Skip to main content

LUP Student Papers

LUND UNIVERSITY LIBRARIES

Liquid Bio Fuels for Gas Turbines

Kallenberg, Anders (2013)
Department of Energy Sciences
Abstract
In this study the different liquid biofuels that could be used as alternative fuels in gas turbines are
reviewed. The pre-conditions are biofuel in liquid state, suited for seven specific gas turbines at
E.ON Värmekraft that are a part of the disturbance reserve of Svenska Kraftnät. The alternative
fuels need to comply with the agreement with Svenska Kraftnät.
The most probable candidates are biooil, dimethyl ether, bio-ethanol, Fischer-Tropsch synthesized
fuels, straight vegetable oils, fatty acid (m) ethyl esters (FAME, RME, bio-diesel) and
hydro-treated (or -genated) vegetable oils (HVO). These fuels are studied and their different
properties are listed.
Earlier works where these fuels have been used in gas turbines are studied... (More)
In this study the different liquid biofuels that could be used as alternative fuels in gas turbines are
reviewed. The pre-conditions are biofuel in liquid state, suited for seven specific gas turbines at
E.ON Värmekraft that are a part of the disturbance reserve of Svenska Kraftnät. The alternative
fuels need to comply with the agreement with Svenska Kraftnät.
The most probable candidates are biooil, dimethyl ether, bio-ethanol, Fischer-Tropsch synthesized
fuels, straight vegetable oils, fatty acid (m) ethyl esters (FAME, RME, bio-diesel) and
hydro-treated (or -genated) vegetable oils (HVO). These fuels are studied and their different
properties are listed.
Earlier works where these fuels have been used in gas turbines are studied and conclusions
are drawn from this. Several issues concerning combustion and emissions with respect to gas
turbines are reviewed.
The gas turbine fuel consumption regarding alternative fuels is presented and a market research
of prices of the alternative fuels is performed. The specific sustainability demands of
both the Swedish Energy Agency and E.ON are discussed.
An analysis is performed of the alternative fuels, of the earlier work and how this will affect
the issues with combustion and emissions. Some specifics concerning the use and storage of
these alternative fuels are also analyzed.
An economic analysis is performed calculating the total cost from using these alternative
fuels, including cost for fuel and investments and possible subsidies.
The conclusion is that it is both technically feasible to use liquid biofuels in gas turbines,
and with some requirements, there can be an economical gain in it. Though this requires large
investments.
Biooil or Pyrolysis oil could, during an estimated time period of 15 years, with subsidies,
cover the material investments needed for the conversion.
Disregarding economy, there is a relatively new alternative fuel on the market, HVO, that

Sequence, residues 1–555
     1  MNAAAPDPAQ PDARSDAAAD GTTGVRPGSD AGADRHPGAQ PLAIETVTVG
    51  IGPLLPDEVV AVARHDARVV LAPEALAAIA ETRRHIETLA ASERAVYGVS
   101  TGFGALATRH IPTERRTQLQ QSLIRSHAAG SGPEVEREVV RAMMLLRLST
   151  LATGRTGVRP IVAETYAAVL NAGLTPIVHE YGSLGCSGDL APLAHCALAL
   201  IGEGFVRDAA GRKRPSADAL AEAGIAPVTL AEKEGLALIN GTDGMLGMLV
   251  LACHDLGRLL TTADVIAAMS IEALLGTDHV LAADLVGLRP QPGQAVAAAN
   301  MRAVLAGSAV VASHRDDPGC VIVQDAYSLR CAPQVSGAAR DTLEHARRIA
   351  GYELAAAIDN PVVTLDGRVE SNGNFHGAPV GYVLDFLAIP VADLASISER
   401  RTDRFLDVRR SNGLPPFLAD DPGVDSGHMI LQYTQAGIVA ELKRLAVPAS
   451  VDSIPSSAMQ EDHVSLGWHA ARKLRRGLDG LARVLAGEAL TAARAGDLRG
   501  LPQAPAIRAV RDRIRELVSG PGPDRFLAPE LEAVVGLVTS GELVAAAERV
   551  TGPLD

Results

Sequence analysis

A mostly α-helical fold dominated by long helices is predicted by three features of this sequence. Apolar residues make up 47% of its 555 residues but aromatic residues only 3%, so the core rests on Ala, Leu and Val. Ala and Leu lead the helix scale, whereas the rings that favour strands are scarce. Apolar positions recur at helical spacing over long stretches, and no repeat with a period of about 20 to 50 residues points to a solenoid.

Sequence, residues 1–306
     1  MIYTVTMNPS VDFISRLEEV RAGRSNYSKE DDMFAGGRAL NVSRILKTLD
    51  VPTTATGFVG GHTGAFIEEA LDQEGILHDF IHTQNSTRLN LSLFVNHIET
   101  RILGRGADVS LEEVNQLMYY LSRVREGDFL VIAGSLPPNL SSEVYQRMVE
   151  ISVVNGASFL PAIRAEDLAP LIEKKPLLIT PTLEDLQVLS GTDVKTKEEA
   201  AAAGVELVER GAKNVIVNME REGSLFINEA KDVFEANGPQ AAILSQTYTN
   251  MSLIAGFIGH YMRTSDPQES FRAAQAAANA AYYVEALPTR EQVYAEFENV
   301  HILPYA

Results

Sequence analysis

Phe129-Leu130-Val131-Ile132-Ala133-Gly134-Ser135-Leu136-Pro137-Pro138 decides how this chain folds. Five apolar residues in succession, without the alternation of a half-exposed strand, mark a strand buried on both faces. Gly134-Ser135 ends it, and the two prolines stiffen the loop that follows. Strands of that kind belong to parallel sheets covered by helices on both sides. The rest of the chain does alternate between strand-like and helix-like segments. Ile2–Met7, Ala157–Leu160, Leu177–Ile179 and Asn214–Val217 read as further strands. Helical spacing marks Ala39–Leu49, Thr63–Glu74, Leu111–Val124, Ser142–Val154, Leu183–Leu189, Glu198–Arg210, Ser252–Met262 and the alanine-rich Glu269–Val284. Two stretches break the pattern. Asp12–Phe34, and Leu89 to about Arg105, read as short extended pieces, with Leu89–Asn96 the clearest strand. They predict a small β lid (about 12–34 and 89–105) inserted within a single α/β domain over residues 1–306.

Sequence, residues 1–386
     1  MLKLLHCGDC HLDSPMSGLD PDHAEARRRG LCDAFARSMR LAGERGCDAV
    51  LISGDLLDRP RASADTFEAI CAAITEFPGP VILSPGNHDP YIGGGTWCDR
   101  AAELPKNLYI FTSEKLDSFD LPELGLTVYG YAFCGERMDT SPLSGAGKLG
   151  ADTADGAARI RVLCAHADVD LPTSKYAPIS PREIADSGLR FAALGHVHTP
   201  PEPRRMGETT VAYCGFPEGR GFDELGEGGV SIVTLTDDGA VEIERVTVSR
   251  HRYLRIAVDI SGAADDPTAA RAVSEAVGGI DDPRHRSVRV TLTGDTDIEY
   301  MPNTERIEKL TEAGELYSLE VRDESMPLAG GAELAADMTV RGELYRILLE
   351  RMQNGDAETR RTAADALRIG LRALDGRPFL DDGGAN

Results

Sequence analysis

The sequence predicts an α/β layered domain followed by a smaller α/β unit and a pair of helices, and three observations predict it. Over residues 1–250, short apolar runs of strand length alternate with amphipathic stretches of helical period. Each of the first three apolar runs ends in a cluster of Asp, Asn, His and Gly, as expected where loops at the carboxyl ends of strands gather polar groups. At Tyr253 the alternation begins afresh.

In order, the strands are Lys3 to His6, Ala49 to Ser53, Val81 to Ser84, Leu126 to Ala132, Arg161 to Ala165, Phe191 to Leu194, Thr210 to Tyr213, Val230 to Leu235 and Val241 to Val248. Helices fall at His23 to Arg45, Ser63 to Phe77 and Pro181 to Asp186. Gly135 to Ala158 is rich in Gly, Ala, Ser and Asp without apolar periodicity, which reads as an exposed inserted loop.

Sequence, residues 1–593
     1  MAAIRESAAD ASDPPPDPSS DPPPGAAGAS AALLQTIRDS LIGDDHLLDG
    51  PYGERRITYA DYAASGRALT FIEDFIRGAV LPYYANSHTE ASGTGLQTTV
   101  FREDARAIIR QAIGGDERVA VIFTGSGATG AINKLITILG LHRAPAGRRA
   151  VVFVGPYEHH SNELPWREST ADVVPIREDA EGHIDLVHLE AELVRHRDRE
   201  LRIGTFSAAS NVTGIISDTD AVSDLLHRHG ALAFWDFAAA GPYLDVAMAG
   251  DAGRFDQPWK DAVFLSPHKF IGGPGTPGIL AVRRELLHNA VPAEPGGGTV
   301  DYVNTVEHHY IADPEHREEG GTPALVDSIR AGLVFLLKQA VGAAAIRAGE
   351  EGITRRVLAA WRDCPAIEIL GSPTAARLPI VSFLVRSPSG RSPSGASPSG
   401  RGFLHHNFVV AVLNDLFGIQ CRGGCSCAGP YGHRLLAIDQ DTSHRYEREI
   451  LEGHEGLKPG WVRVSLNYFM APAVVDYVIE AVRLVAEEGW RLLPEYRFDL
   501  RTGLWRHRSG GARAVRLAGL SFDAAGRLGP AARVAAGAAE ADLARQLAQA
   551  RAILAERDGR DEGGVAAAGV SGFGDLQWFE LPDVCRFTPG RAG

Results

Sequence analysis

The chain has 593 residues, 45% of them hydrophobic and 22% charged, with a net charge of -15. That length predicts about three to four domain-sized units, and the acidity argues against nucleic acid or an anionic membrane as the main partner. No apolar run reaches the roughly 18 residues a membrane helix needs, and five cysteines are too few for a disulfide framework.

seems very good and it is in some aspects better than the current fuel. The price on this fuel is
on the other hand very high due to the fact that it can substitute diesel fuel for vehicles. (Less)
Please use this url to cite or link to this publication:
author
Kallenberg, Anders
supervisor
organization
year
type
H1 - Master's Degree (One Year)
subject
keywords
Gas turbines liquid biofuels fuel
report number
5271
ISSN
0282-1990
language
English
id
3457896
date added to LUP
2013-02-05 11:25:26
date last changed
2013-02-05 11:25:26
@misc{3457896,
  abstract     = {In this study the different liquid biofuels that could be used as alternative fuels in gas turbines are
reviewed. The pre-conditions are biofuel in liquid state, suited for seven specific gas turbines at
E.ON Värmekraft that are a part of the disturbance reserve of Svenska Kraftnät. The alternative
fuels need to comply with the agreement with Svenska Kraftnät.
The most probable candidates are biooil, dimethyl ether, bio-ethanol, Fischer-Tropsch synthesized
fuels, straight vegetable oils, fatty acid (m) ethyl esters (FAME, RME, bio-diesel) and
hydro-treated (or -genated) vegetable oils (HVO). These fuels are studied and their different
properties are listed.
Earlier works where these fuels have been used in gas turbines are studied and conclusions
are drawn from this. Several issues concerning combustion and emissions with respect to gas
turbines are reviewed.
The gas turbine fuel consumption regarding alternative fuels is presented and a market research
of prices of the alternative fuels is performed. The specific sustainability demands of
both the Swedish Energy Agency and E.ON are discussed.
An analysis is performed of the alternative fuels, of the earlier work and how this will affect
the issues with combustion and emissions. Some specifics concerning the use and storage of
these alternative fuels are also analyzed.
An economic analysis is performed calculating the total cost from using these alternative
fuels, including cost for fuel and investments and possible subsidies.
The conclusion is that it is both technically feasible to use liquid biofuels in gas turbines,
and with some requirements, there can be an economical gain in it. Though this requires large
investments.
Biooil or Pyrolysis oil could, during an estimated time period of 15 years, with subsidies,
cover the material investments needed for the conversion.
Disregarding economy, there is a relatively new alternative fuel on the market, HVO, that
seems very good and it is in some aspects better than the current fuel. The price on this fuel is
on the other hand very high due to the fact that it can substitute diesel fuel for vehicles.},
  author       = {Kallenberg, Anders},
  issn         = {0282-1990},
  keyword      = {Gas turbines liquid biofuels fuel},
  language     = {eng},
  note         = {Student Paper},
  title        = {Liquid Bio Fuels for Gas Turbines},
  year         = {2013},
}